Trump vs Emerging Markets: forces at play
The story of emerging markets as an asset class is, to a significant degree, the story of globalisation. Between 1990 and 1995, China moved to an export-led growth model under Deng Xiaoping, India saw dramatic economic reforms under Narasimha Rao and joined the WTO, Apartheid ended in South Africa, Russia moved from state socialism to a market economy and Mexico signed NAFTA.
In the two decades since, emerging economies have delivered strong economic growth and investors in emerging markets have enjoyed healthy (if volatile) returns as that economic growth fed through to corporate earnings.
Now, however, the change in the domestic politics of the United States may undermine this powerful story. President-elect Donald Trump has talked about the US withdrawing from trade agreements and imposing tariffs on imports. Were this to come about, it would be negative for emerging market assets. But there are reasons, we feel, why the final trade policies of the Trump administration may be less severe than those mentioned during the election campaign.
Firstly, it is not only emerging market exporters who have benefited from global trade. US consumers have seen prices for many goods either fall relative to incomes, or even fall outright. In the US, the price index of consumer durable goods rose at an annual rate of 2.5% between 1959 and 1995. Since then, they have declined at an annual rate of 1.9%, to the massive benefit of US consumers. Put another way, an unwinding of the gains from globalisation implies that the price of consumer durable goods in the US will rise by 55%. Such policies are unlikely to prove popular.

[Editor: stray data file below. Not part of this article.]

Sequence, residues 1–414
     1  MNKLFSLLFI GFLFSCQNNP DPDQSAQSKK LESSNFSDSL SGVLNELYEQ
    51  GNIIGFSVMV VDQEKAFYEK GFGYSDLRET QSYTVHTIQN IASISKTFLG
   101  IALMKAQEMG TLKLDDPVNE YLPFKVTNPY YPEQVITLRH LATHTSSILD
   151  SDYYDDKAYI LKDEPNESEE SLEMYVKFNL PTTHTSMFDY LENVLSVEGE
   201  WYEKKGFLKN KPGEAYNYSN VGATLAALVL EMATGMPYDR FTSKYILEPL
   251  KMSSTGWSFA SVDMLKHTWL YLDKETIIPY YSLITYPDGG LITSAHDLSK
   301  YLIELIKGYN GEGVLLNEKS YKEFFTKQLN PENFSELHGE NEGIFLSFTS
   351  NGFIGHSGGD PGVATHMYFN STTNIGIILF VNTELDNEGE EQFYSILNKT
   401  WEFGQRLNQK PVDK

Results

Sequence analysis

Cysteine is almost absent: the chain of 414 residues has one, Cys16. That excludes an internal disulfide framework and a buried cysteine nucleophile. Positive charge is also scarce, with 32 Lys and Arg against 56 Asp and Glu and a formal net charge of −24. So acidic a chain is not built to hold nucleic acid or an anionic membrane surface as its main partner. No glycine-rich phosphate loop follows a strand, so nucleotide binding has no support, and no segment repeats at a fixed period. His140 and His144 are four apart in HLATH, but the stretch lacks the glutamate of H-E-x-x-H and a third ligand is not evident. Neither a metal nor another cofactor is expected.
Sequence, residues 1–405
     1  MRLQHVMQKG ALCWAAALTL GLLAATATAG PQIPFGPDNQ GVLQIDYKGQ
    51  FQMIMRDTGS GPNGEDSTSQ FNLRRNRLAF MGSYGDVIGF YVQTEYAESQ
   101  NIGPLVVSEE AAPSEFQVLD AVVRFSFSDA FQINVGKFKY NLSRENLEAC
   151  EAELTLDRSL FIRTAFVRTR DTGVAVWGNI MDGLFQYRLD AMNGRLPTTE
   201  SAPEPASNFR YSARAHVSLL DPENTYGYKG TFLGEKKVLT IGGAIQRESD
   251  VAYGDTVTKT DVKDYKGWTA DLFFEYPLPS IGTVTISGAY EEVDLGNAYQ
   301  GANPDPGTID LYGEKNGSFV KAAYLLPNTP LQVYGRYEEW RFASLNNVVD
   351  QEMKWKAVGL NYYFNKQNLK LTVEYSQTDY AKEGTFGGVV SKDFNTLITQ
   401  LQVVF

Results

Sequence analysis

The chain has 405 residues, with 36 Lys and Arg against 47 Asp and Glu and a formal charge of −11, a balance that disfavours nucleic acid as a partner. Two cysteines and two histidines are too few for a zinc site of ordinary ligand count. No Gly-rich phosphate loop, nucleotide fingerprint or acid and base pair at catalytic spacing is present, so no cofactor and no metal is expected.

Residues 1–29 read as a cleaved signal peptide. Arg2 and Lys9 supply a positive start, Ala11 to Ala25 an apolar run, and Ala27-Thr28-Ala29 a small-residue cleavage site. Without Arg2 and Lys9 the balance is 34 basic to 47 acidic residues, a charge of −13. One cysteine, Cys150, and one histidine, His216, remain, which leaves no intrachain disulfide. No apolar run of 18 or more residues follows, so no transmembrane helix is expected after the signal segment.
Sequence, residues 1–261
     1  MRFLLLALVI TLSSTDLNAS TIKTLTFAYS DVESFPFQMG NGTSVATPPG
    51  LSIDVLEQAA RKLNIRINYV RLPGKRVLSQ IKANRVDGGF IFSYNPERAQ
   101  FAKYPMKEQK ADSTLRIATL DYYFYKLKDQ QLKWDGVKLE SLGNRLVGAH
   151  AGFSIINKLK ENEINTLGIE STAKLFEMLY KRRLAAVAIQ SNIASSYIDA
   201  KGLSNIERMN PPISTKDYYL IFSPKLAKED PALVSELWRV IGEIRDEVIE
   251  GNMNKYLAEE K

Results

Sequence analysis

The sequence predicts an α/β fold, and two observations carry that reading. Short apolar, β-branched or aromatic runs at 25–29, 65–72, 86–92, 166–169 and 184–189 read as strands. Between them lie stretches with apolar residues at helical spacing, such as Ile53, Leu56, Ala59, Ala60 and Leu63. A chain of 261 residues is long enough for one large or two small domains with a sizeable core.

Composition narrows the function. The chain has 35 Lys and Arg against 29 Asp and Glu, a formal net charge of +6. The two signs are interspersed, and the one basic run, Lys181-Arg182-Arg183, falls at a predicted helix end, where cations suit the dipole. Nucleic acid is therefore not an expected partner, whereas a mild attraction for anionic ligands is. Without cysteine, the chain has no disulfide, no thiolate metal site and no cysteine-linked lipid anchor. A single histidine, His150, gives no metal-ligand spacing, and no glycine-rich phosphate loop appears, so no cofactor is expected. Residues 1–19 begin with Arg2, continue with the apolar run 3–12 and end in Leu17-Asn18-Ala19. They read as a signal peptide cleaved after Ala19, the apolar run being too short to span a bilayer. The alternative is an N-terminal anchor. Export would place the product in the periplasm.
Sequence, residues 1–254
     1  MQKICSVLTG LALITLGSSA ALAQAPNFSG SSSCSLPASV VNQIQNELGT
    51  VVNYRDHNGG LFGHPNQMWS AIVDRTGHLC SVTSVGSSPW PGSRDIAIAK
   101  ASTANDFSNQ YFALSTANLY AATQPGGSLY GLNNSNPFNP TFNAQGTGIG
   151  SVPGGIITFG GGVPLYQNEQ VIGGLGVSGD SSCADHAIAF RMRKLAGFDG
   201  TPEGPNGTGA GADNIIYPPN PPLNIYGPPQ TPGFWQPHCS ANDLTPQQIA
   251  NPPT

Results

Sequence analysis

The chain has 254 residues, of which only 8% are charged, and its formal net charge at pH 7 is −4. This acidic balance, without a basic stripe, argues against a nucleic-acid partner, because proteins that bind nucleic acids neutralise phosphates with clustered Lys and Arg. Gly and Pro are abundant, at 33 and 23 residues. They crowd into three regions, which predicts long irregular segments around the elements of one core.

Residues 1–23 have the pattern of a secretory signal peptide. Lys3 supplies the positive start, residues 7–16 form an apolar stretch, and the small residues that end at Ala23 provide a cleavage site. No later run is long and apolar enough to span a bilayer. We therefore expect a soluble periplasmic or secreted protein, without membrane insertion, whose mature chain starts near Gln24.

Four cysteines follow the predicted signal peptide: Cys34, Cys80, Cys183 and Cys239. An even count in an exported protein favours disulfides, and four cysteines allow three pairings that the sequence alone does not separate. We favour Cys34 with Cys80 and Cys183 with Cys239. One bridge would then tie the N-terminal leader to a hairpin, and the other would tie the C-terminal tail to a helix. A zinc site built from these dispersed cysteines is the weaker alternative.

Secondly, the idea that economic activity can be moved from emerging markets to the US is contradicted by industrial realities. In particular, we see no prospect for the deep networks in the East Asian technology industry to be rebuilt inside the US.
From Japanese and Korean product designers, to the Taiwanese and Korean semiconductor companies, to the huge set of component manufacturers in the region, and ending with the mostly Chinese-based assemblers (such as Foxconn, with its 1.3 million employees), this global-scale network exhibits a high degree of interdependency that will defy efforts to restructure it. The US has neither the labour pool nor the expertise to replace firms like Taiwan Semiconductor Manufacturing Company, Samsung Electronics and Foxconn in the electronics industry. This is particularly important to emerging market equity investors, given the heavy weighting of technology exporters in the MSCI Emerging Markets Index.
Thirdly, emerging markets do not represent only a source of production. The growth in emerging market domestic demand has been a great opportunity for developed market companies, particularly American ones. Taking two high-profile examples, Apple gets 24% of its revenues from the emerging Asian region alone, while Boeing gets over 30% of its revenues from emerging markets. US protectionism would almost certainly be met with similar sanctions from China and other emerging markets, hitting high profile American companies and, again, generating opposition to protectionism from within the US.
2017 poses a number of global political challenges for investors, some of which may prove serious, but we feel that the risks from growing protectionism are overstated.